The co-chairs of the House privacy caucus are concerned about Facebook's online data collection.
Reps. Joe Barton (R-Texas) and Ed Markey (D-Mass.), joined by other members of the caucus, have sent a letter to the social network, prompted by a Wall Street Journal story that a user's request for all the data Facebook had collected about him was answered with a 1,200-page file that included chat conversations and IP addresses.
In the letter, to Facebook founder Mark Zuckerberg, they seek answers to a series of questions about Facebook's data-retention practices, including all the personally identifiable info it collects, how it collects it, how it stores it and whether it deletes it upon request.
The legislators were concerned that the 1,200 page log included information about people he had "defriended" and other actions he had taken to delete information that Facebook apparently still retained.
"We are concerned about Facebook's consumer data collection and storage practices," they wrote, and gave Zuckerberg until Nov. 21 to respond.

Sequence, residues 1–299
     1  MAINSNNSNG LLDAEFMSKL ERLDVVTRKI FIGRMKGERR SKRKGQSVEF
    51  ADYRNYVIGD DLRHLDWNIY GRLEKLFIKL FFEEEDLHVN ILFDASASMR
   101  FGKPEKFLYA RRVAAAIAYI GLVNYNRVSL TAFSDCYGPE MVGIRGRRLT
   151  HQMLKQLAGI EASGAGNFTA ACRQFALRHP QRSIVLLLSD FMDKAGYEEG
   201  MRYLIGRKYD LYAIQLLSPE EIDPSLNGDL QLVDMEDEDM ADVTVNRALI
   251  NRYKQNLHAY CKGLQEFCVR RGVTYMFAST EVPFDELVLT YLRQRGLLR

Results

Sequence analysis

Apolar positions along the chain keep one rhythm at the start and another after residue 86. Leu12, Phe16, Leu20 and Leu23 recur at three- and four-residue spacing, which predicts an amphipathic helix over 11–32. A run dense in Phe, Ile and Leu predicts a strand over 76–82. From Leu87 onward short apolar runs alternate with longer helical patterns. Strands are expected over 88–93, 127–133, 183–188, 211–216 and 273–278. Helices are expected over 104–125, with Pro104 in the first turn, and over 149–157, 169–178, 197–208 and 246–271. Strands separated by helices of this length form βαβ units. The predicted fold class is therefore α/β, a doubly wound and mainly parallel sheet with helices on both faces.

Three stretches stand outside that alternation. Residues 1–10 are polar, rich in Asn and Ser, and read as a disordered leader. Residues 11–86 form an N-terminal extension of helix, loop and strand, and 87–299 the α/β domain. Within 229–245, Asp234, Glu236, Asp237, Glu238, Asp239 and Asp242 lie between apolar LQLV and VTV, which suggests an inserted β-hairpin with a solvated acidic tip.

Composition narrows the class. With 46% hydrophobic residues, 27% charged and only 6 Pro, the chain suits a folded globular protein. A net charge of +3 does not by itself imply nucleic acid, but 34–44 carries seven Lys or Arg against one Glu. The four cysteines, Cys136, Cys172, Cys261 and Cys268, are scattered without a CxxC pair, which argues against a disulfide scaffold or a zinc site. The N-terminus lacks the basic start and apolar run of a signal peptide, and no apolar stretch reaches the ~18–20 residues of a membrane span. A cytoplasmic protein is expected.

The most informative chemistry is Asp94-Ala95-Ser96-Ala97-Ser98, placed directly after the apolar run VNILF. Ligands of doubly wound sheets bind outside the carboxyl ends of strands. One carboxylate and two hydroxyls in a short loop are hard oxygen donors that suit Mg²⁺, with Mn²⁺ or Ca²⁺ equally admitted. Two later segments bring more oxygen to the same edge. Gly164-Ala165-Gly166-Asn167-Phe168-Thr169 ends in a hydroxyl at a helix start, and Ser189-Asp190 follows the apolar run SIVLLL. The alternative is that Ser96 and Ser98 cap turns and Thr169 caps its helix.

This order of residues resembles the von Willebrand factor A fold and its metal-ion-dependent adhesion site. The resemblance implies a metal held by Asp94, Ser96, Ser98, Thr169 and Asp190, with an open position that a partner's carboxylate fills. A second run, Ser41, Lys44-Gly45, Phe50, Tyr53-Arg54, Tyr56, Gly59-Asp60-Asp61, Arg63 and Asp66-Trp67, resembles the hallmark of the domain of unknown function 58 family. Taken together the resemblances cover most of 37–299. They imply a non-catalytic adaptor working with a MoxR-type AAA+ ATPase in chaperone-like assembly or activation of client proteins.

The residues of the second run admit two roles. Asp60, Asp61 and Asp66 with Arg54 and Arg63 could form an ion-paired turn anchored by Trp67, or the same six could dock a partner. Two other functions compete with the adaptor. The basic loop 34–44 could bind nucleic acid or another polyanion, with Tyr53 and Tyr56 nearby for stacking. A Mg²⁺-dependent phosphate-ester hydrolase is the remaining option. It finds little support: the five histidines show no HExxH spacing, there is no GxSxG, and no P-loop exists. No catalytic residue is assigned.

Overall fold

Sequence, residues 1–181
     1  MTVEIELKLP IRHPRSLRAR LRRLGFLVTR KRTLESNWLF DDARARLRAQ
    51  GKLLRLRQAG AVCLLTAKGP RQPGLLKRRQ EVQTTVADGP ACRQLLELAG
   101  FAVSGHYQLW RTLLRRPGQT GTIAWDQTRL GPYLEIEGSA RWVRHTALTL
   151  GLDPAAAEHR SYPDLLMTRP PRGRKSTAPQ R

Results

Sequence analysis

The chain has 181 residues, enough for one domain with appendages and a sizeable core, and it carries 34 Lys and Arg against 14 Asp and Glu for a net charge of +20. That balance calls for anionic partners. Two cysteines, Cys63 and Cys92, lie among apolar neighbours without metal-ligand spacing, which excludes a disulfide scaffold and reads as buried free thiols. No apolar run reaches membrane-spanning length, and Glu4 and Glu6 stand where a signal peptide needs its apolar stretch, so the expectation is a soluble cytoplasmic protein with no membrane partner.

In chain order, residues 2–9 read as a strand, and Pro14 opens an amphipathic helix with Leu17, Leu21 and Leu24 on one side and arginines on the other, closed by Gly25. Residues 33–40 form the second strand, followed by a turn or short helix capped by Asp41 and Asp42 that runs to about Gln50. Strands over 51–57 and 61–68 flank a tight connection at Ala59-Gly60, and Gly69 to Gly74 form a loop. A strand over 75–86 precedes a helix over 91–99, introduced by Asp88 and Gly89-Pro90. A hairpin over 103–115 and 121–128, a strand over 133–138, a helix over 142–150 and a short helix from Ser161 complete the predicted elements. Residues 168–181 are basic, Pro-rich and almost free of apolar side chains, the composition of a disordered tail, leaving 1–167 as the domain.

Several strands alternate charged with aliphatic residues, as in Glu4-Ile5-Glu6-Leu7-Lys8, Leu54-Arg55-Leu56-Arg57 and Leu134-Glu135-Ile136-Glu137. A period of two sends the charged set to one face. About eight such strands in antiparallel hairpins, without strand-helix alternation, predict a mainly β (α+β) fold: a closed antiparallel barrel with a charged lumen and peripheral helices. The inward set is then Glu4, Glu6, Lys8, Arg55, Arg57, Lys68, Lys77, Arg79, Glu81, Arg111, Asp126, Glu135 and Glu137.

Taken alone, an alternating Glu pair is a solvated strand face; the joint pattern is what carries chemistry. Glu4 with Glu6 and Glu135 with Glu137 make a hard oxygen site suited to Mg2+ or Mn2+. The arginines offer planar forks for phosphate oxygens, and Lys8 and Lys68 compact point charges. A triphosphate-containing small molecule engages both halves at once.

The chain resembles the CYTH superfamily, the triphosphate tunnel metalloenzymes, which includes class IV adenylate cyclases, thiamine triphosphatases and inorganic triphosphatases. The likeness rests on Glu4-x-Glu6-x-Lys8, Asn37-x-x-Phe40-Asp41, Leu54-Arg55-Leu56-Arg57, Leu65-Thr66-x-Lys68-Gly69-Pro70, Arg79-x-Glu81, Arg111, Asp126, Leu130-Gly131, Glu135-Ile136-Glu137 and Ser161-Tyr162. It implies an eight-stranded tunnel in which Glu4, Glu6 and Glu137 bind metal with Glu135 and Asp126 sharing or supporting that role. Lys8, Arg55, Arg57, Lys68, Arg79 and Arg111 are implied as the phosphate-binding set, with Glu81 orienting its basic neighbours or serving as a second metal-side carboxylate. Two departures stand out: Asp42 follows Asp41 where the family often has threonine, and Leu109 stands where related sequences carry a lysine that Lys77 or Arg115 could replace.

Also signing on to the letter were Reps. Marsha Blackburn (R-Tenn.) and Carolyn Maloney (D-N.Y.).
"We care deeply about respecting the expectations of the people who trust Facebook with their information and believe that our sound data policies and secure practices are part of the reason people enjoy using our service," said Facebook in a statement. "We look forward to discussing this in more detail with members of the Bipartisan Privacy Caucus and answering any questions they may have."
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